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Label & Cat.Number: Dirter Promotions DPROMCD116
Release Year: 2015
Note: "Do bears like harsh noise?" Four long, more psychedelic studio tracks, dedicated to the Wildwood Trust in Kent, England.. "...harsh noise that isn’t scattered but rather furiously flatlined, his units all screeching with sounds as gruesome as feedback. Under this current of hatred he cultivates almost kraut-like rhythms that sound like they’ve been caught in a sandstorm." [Robin/Norman Rec.]
Price (incl. 19% VAT): €14.00
More InfoThe mighty Merzbow presents four tracks of blistering music recorded and to be played at maximum volume. The album is full of psychedelic twists and turns, with one completely guitar-based track. It’s also a benefit release for the Wildwood Trust in Kent. All proceeds from sales will go to them to help pay for the care of two rescued European brown bears. For more information about this wonderful organization go to wildwoodtrust.org. Comes in beautiful reverse board digipak.
01. Kuma No Mori/Moon 10:52
02. Kuma No Mori/Night 18:05
03. Kuma No Mori/Winter 19:35
04. Kuma No Mori/Guitar 16:24
"As the rest of the Norman pantheon get generously lullabyed by Yo La Tengo’s new covers album, I am betrothed to the new Merzbow record. The ecstatic noisemaker is turning his gaze towards philanthropy with ‘Wildwood’; all proceeds raised by this torrentially dissonant record go to a bear trust in Kent, which is my favourite thing ever -- Merzbow repping the garden of England. As a Kentish boy, I feel I am second best fiddle for writing this review after Dwight Schrute. Do bears like harsh noise? Is Merzbow a South-east Tory? Is this real? All these questions and more will be ignored in this review.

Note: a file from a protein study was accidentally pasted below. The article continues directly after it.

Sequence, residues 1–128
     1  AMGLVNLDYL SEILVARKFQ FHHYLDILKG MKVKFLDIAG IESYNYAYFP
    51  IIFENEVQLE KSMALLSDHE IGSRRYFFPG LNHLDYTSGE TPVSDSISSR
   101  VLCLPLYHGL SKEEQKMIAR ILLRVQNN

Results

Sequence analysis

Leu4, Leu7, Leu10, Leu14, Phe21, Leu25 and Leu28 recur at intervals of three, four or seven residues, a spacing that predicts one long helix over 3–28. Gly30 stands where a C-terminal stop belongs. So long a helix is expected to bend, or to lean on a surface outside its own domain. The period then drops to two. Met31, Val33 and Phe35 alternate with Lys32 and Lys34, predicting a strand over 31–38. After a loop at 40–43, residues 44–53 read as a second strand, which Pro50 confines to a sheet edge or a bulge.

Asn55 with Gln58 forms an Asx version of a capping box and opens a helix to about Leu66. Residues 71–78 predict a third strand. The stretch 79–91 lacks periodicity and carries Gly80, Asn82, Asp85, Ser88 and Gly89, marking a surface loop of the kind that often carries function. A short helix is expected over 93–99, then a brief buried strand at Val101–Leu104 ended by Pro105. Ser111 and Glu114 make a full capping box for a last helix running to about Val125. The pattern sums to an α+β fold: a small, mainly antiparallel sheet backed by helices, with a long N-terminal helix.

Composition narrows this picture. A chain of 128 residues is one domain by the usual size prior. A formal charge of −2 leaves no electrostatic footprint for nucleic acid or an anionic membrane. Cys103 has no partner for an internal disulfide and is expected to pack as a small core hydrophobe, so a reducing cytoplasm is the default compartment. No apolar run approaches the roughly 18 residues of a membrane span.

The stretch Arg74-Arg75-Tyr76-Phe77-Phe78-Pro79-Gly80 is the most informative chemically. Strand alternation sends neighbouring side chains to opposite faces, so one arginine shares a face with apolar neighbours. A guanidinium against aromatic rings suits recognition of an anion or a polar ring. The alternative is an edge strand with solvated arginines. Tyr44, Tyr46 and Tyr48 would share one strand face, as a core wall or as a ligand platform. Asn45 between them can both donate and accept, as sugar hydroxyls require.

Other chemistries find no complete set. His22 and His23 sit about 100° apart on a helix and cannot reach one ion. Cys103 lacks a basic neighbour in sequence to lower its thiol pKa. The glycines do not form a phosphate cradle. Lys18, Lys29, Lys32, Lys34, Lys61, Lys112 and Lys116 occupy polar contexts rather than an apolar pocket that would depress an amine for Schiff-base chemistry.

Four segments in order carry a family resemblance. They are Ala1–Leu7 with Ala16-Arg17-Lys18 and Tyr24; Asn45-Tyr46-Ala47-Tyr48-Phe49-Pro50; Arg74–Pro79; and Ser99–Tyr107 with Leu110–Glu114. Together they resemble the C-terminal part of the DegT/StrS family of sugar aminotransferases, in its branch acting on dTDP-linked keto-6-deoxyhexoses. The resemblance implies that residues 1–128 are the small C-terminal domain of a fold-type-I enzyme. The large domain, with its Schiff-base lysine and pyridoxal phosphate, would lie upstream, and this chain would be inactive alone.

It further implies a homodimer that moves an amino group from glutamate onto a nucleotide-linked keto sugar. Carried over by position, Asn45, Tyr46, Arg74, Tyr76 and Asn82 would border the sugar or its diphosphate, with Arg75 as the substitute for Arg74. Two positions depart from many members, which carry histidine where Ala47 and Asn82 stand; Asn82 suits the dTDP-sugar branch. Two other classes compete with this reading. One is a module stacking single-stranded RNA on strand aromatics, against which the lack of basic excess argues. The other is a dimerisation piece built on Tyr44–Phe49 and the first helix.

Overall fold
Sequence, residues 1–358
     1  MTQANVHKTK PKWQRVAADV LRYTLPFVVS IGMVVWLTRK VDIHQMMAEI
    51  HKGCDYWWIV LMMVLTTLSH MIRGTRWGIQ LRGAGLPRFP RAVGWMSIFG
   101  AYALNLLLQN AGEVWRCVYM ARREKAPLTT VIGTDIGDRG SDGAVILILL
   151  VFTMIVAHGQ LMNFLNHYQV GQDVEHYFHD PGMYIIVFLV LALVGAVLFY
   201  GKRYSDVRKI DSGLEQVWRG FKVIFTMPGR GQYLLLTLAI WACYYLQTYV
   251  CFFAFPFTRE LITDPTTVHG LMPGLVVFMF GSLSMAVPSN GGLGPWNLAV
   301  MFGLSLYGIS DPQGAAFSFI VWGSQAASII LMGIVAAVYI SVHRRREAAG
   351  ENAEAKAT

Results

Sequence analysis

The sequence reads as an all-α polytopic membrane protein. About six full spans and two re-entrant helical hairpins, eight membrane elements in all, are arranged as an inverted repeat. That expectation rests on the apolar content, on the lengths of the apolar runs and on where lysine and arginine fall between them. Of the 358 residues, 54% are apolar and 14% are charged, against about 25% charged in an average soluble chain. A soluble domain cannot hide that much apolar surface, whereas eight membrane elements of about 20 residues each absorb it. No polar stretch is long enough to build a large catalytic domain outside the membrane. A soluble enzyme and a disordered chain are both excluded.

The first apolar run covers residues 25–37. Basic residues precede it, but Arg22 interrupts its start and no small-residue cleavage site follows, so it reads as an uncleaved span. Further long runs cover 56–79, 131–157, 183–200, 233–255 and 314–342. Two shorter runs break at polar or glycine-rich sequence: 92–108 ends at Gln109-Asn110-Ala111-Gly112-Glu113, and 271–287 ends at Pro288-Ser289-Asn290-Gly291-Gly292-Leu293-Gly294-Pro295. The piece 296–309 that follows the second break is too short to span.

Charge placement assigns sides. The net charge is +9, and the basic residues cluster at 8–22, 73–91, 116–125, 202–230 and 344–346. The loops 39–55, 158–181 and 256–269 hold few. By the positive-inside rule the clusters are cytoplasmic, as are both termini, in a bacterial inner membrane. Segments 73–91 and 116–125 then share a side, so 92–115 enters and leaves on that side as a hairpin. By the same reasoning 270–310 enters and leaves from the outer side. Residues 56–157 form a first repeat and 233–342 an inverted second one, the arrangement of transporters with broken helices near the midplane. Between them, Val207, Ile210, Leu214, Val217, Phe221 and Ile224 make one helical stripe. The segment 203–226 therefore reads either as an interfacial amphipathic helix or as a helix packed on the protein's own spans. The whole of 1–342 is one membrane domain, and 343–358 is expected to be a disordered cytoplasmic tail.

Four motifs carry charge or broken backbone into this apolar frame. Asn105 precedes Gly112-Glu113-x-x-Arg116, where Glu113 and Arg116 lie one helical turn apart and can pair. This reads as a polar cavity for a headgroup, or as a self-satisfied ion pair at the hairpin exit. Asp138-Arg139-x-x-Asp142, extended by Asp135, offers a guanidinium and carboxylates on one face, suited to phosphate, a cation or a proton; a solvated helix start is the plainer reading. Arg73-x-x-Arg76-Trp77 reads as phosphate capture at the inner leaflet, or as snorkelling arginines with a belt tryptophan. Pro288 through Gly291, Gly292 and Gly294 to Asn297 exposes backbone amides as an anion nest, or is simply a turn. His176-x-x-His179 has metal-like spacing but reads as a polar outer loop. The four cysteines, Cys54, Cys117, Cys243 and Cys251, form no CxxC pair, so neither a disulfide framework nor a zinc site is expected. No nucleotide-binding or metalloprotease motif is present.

Merzbow has recently been making a lot of free improv records with friends like Gustaffson, Pandi and Sonic Youth Dad, and while those records saw percussion freefall around each artist’s different discipline, ‘Wildwood’ is freeform around a lot of Merzbow’s usual tricks: harsh noise that isn’t scattered but rather furiously flatlined, his units all screeching with sounds as gruesome as feedback. Under this current of hatred he cultivates almost kraut-like rhythms that sound like they’ve been caught in a sandstorm. The first three tracks follow this routine of fighting any of Merzbow’s propulsive inclinations off with his abstract intuitions -- see “Winter”, where he makes one of those Brinkmann-esque tones stay long enough to feel like a rhythm, all the while foregrounding screeching effects to ruin everything.
It’s the final track that gets to be this release’s talking point, with Merzbow processing a guitar towards the same ends of chaos and compressed noise. It sounds pretty much the same as the pieces that came before it, which is testament to Merzbow’s ability to claw his way to dissonance from any means. Heh, claw, am I right? This release isn’t at all unbearable." [Robin/Norman Rec.]
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